:nhs: If we value the NHS why don't we fully pay the correct

:nhs: If we value the NHS why don't we fully pay the correct
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#41

Hmm, going back I distinctly remember reading an article that said EU employment rules were a major problem in recruiting for the NHS, that was EU nationals has to come first.

now, however, reading around it appears that Tier 2 visas (which most nurses are employed under) are being refused due to quotas being breached. So, it would appear that the Home Office is one of the problems in getting staff in to the NHS.

Ah, this must be what I had read, from this article

A shortage of junior doctors to start work in hospitals this August is forcing the NHS to try to recruit from India, the BBC has learned.

Tighter immigration rules introduced in recent years meant many overseas medics left Britain and returned home.

But the exodus, added to new European regulations limiting the hours of doctors, caused unfilled vacancies.

Attempts to recruit scores of Indian doctors foundered on a disagreement between government departments.


#42

But that’s the point, it is being done by stealth.

Don’t get me wrong, even with privatisation I believe the NHS will always be free at the point of delivery, but what the Tories are doing is wanting the private sector to use its knowledge and potential efficiencies to drive down the cost. They ultimately believe that the NHS would be cheaper to run if done by the Private Sector.

This raises two main points for me.

  1. Would the private sector really be more efficient if farmed out bit by bit? My guess is no - synergy between those firms, as well as potentially different working practices/systems/processes would be difficult to manage. There is only one way of doing it, and that would be for 1 company to take over the whole lot - that is unrealistic IMHO and they would probably end up suffering from the same inefficiencies that the current NHS does.
  2. Safety of patients - the compatibility and potential gaps if not working with one centralised body could/would create massive issues with patient diagnoses and safety.

#43

Basically every hospital in the Philippines is a training hospital they have nursing colleges in every town the filipina’s and filipino’s who train as nurse’s doctors do it to better themselves and their families lifes by getting an overseas job. And as a Philippine overseas worker you get certain benifits from the Government for bringing in foriegn capital to the country.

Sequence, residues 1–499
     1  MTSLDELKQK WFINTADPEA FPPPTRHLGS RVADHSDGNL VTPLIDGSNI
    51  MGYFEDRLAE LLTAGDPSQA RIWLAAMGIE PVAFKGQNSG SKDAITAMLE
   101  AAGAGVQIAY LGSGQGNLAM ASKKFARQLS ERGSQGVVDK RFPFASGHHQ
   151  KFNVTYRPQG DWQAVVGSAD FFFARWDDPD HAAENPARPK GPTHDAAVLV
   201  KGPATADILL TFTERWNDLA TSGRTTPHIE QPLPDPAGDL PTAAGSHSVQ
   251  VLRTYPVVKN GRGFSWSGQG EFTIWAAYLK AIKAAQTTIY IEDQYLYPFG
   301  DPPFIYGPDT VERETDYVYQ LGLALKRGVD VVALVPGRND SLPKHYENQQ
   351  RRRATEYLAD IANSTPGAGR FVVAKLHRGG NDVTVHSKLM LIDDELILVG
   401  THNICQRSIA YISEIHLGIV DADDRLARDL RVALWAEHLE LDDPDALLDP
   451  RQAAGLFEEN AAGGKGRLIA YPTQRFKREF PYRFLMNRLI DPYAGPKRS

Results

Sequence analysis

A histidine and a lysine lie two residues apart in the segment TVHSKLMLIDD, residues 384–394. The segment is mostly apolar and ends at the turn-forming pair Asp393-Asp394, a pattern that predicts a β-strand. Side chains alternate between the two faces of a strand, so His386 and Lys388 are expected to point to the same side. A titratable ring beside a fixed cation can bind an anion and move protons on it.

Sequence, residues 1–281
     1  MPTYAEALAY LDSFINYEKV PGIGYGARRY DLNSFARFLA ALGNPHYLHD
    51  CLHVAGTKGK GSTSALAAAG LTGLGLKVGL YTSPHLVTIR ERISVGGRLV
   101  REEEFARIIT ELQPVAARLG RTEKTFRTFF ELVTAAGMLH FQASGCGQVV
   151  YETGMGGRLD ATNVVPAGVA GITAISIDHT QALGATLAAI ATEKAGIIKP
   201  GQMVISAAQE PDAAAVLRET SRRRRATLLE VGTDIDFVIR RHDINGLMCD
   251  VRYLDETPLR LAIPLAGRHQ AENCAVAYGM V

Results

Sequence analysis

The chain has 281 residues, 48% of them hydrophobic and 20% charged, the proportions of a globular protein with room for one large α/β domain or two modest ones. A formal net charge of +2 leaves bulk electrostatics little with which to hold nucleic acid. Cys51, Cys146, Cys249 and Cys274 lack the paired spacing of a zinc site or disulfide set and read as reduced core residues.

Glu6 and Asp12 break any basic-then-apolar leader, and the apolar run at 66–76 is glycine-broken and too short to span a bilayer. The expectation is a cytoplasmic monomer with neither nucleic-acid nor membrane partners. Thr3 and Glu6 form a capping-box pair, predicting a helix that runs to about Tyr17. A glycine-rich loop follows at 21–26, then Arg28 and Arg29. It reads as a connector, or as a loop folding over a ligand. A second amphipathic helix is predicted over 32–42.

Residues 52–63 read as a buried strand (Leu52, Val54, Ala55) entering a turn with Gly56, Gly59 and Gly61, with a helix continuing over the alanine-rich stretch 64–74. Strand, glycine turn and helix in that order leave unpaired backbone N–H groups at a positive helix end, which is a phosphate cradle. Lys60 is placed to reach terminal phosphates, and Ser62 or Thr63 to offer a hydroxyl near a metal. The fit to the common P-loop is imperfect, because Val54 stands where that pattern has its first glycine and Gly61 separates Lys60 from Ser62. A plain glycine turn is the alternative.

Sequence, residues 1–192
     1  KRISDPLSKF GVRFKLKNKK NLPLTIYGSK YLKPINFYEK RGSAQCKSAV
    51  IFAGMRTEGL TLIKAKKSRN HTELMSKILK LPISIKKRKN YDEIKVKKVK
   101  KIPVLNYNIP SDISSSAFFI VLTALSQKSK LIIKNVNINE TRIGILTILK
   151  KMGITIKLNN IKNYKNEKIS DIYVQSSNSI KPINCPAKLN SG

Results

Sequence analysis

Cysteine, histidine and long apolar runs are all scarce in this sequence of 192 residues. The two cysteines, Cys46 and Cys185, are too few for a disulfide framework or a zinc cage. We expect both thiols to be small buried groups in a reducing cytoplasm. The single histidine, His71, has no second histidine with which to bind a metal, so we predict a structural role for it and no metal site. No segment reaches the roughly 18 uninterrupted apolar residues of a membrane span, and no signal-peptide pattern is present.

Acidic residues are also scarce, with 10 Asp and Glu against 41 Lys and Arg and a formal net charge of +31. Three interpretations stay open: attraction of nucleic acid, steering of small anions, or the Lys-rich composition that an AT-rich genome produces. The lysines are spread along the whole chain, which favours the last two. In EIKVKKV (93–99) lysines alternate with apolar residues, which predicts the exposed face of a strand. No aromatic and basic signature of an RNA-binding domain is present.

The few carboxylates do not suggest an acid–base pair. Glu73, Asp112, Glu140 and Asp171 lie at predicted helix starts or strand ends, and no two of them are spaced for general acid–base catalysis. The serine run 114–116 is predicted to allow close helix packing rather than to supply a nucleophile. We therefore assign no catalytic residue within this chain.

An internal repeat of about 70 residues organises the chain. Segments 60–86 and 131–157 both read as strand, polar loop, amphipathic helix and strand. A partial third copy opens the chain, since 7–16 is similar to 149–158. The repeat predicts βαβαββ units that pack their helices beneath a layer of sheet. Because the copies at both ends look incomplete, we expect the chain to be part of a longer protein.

#44

Yeah, that’s really worked for the utilities and the rail sector hasn’t it


#45

I don’t disagree - although they didn’t privatise the most important part of British Rail which is the maintenance of the signals and rails.


#46

There is a good chance that this will happen here. As nurse training is gradually run down in universities the hospital trusts will start to fund training in house.


#47

What’s your bosses views on that?
Sounds like a workable solution, but could our system do it?
I have no idea about the complexities.


#48

Really? The student paramedic and nurse numbers here (BU) are rising year on year. The university is even building a new building specifically for the HSS department!


#49

But are they going into the nhs?


#50

Dunno TBH, I guess those figures would be held somewhere though.


#51

What choice is there? If universities aren’t providing enough nurses then she will either need to recruit from abroad or train in house.


#52

Going on Mrs G experience then no. Maybe coming out of uni with 40 grand of debt is leading them to employment elsewhere.


#53

Aye, that’s the problem. Why go into the NHS and it’s (perceived) poor rates of pay and working conditions when you can either go private or bank?

But even if you train in house how do you retain them after they’ve qualified? I can’t see a “you have to work here for 5 years” stipulation in their training contract being enforceable!!

Maybe if the NHS got rid of the top level executives and dribbled the money down to the lower levels that might get more people interested.

I did see a strange comment that remarked that one of the problems with staffing the NHS was the feminisation of the workforce!! I guess this means that they all get pregnant and leave but it did seem an odd thing to say!!